Co-operative Home Care

With the demand for non-residential home care support on the rise with an ageing population and the desire by many to live independently and well, combined with poor morale and work conditions, home care support workers took matters into their own hands and formed Co-operative Home Care to offer a new way of providing individualised, affordable and quality care in a supportive and empowering work environment. The employee owned co-operative has been in operation since 2013, with 18 employees and 8 members delivering 500 hours of care per week. Read their story.

Co-operative Home Care (CHC) is an employee owned co-operative based in Sydney which provides care for the elderly and disabled people. Opening in 2013, the co-operative now has 18 employees, and eight worker members who deliver 500 hours of care weekly.

By 2050, over 3.5 million Australians are expected to use aged care services each year with around 80 per cent of services delivered in the home. Recipients of home care increasingly want to remain independent and in control of how and where they live, to have choice in care providers and to remain connected to family and community. To address these needs, a new solution in home care provision is needed.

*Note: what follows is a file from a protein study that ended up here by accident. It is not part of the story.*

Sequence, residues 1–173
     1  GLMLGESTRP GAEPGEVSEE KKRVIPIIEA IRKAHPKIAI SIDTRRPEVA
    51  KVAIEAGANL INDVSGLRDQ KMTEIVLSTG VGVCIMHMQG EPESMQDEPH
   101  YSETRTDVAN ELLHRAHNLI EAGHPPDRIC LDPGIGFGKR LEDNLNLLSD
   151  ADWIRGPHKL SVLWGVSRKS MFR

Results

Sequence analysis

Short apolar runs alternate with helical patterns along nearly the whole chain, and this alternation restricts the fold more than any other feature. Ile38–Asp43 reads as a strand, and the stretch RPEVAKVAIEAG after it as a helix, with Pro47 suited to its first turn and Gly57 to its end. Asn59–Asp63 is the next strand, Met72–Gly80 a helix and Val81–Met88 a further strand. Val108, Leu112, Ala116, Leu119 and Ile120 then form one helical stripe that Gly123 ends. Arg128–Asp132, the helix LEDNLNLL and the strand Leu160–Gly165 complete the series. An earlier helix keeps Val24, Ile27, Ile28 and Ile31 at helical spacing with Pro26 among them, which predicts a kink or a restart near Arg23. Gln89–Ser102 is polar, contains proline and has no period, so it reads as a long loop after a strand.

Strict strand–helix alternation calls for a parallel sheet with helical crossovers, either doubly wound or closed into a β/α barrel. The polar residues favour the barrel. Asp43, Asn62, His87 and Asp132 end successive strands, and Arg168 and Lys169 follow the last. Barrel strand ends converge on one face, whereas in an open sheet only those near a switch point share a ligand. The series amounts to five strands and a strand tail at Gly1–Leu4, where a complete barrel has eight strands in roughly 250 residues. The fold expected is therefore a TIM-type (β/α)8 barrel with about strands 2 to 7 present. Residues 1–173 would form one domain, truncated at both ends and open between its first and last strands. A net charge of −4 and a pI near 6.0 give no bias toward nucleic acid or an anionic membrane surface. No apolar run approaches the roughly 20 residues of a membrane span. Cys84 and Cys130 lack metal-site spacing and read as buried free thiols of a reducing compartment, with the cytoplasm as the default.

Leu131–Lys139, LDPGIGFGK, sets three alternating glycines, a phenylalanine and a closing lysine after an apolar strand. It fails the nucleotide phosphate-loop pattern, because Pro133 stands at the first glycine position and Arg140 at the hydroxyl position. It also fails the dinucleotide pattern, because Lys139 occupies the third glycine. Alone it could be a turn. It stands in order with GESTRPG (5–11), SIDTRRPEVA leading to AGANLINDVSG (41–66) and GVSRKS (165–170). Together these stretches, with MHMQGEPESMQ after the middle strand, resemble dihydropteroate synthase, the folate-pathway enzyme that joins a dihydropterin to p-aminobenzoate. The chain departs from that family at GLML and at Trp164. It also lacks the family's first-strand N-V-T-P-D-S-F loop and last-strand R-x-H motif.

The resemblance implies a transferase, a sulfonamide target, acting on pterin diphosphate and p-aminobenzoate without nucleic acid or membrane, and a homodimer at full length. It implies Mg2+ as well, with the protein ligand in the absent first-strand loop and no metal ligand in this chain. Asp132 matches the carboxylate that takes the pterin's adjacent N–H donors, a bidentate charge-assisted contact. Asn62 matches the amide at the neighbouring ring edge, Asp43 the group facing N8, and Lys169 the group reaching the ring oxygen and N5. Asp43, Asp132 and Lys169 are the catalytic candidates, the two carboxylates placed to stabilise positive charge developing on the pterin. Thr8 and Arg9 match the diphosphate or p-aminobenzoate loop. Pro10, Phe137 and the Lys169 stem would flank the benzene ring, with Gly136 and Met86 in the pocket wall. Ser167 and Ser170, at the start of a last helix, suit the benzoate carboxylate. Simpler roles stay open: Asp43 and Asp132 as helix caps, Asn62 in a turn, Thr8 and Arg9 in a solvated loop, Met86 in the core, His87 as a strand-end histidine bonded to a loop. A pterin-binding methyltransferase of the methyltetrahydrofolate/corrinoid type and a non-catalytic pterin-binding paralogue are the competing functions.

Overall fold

Despite high levels of job satisfaction, employee turnover rates in the home care workforce is high due to a combination of factors including low remuneration, poor working conditions and limited training. Witnessing this first hand, was Robyn Kaczmarek, an experienced home care professional who decided to explore the possibility of creating a co-operative approach to home care services.

Co-operative Home Care is an employee owned co-operative meaning the employees of the co-operative are also its owners, allowing worker members to have an opportunity for a greater control over their working environment. At CHC, worker members operate in self-managed local teams known as Care Crews.

The co-operative began operating in 2013 providing care for the elderly and disabled population of a metropolitan Sydney area. It has also made a significant investment into its owners/employees through continuous engagement, training and development of its worker members.

CHC has encountered a number of challenges since its inception including a lack of knowledge of employee owned co-operatives, accessing government funding, financial management and governance.

Looking into the future, CHC aims to grow organically; focusing on building an empowering and autonomous employee owned co-operative which delivers high quality care at an affordable price. Taking a conservative approach, the group are using annual profits to fund further expansion, as opposed to debt.

As a Public Service Mutual, CHC has made some key discoveries from their experience. They are broken into four areas including seeking out experience, funding, member trust and the use of Cloud technology.

Browse the CHC Case Study Bibliography.

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